I have a [large] program which has suddenly started having an issue somewhere in an infinite loop. I cannot find this loop.
pdb.run ( 'main()' )
So when the program enters the infinite loop, I hit control-C and...... it doesn't do anything. In fact, when I don't use pdb, control-C doesn't work either.
I'm not overriding the signals. Even if I do, control-C does nothing.
I ran this in
lldb to see if the problem was somewhere in C++-land, and it's not - it's definitely frozen executing python crap (on thread #7 if that matters).
How do I get
pdb to actually break on control-c?
Here's a simple 'debugger' that counts the number of times each line is passed over and raises an error when a line is hit too many times. Hopefully it can help find the loop if there really is one.
from bdb import Bdb from collections import Counter class LoopDetector(Bdb): def __init__(self, maxhits): Bdb.__init__(self) self.counter = Counter() self.maxhits = maxhits def do_clear(self, arg): pass def user_line(self, frame): filename = frame.f_code.co_filename lineno = frame.f_lineno key = (filename, lineno) self.counter[key] += 1 if self.counter[key] >= self.maxhits: raise ValueError('Too many hits at %s:%s' % key) LoopDetector(1000).set_trace() x = 1 y = x + 2 for i in range(200): y += i while True: # An exception gets raised here y -= 1 print 'Does not get here'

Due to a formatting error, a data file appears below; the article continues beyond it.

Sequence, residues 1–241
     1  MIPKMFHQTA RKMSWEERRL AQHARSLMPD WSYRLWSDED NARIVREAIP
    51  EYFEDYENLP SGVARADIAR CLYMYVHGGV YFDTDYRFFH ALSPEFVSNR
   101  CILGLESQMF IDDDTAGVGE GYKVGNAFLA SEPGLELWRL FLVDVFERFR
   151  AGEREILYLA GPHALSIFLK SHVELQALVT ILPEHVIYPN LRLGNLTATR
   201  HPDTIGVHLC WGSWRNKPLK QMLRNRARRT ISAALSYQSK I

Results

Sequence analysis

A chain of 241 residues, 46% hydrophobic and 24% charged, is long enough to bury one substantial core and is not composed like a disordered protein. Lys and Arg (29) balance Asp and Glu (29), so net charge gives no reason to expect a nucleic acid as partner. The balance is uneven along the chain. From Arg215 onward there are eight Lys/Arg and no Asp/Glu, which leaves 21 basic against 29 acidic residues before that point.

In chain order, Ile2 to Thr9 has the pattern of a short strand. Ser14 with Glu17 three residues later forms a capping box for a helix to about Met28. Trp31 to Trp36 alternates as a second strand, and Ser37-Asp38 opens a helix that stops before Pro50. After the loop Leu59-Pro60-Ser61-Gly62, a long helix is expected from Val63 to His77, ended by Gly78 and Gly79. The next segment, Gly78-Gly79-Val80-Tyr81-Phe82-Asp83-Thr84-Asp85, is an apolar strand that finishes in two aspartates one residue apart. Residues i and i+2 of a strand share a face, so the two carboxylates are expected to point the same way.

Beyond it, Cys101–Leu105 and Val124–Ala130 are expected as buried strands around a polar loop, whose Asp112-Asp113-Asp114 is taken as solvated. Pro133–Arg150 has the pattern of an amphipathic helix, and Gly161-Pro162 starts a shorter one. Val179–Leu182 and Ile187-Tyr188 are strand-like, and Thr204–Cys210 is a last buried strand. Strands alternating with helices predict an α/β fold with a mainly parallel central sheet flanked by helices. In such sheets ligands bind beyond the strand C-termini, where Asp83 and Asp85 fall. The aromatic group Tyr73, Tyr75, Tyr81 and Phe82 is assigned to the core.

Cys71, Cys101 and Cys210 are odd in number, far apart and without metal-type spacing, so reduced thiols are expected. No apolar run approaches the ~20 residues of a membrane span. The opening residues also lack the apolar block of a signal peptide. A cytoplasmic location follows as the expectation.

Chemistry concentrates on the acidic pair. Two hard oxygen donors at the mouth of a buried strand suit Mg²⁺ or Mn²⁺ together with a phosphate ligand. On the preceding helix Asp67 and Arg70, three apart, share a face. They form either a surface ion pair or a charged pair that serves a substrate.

This has to be done once per thread since it only affects the current thread.
Take a look in the PDB docs
You should add a breakpoint in you function (
main in your example) using
Then you can run the function using the command line (e.g
python myprog.py) and the program will stop where you set the breakpoint.
import pdb def main(): i = 0 while i<10: print i if i == 8: pdb.set_trace() i += 1
In the example above the the program will stop for debugging when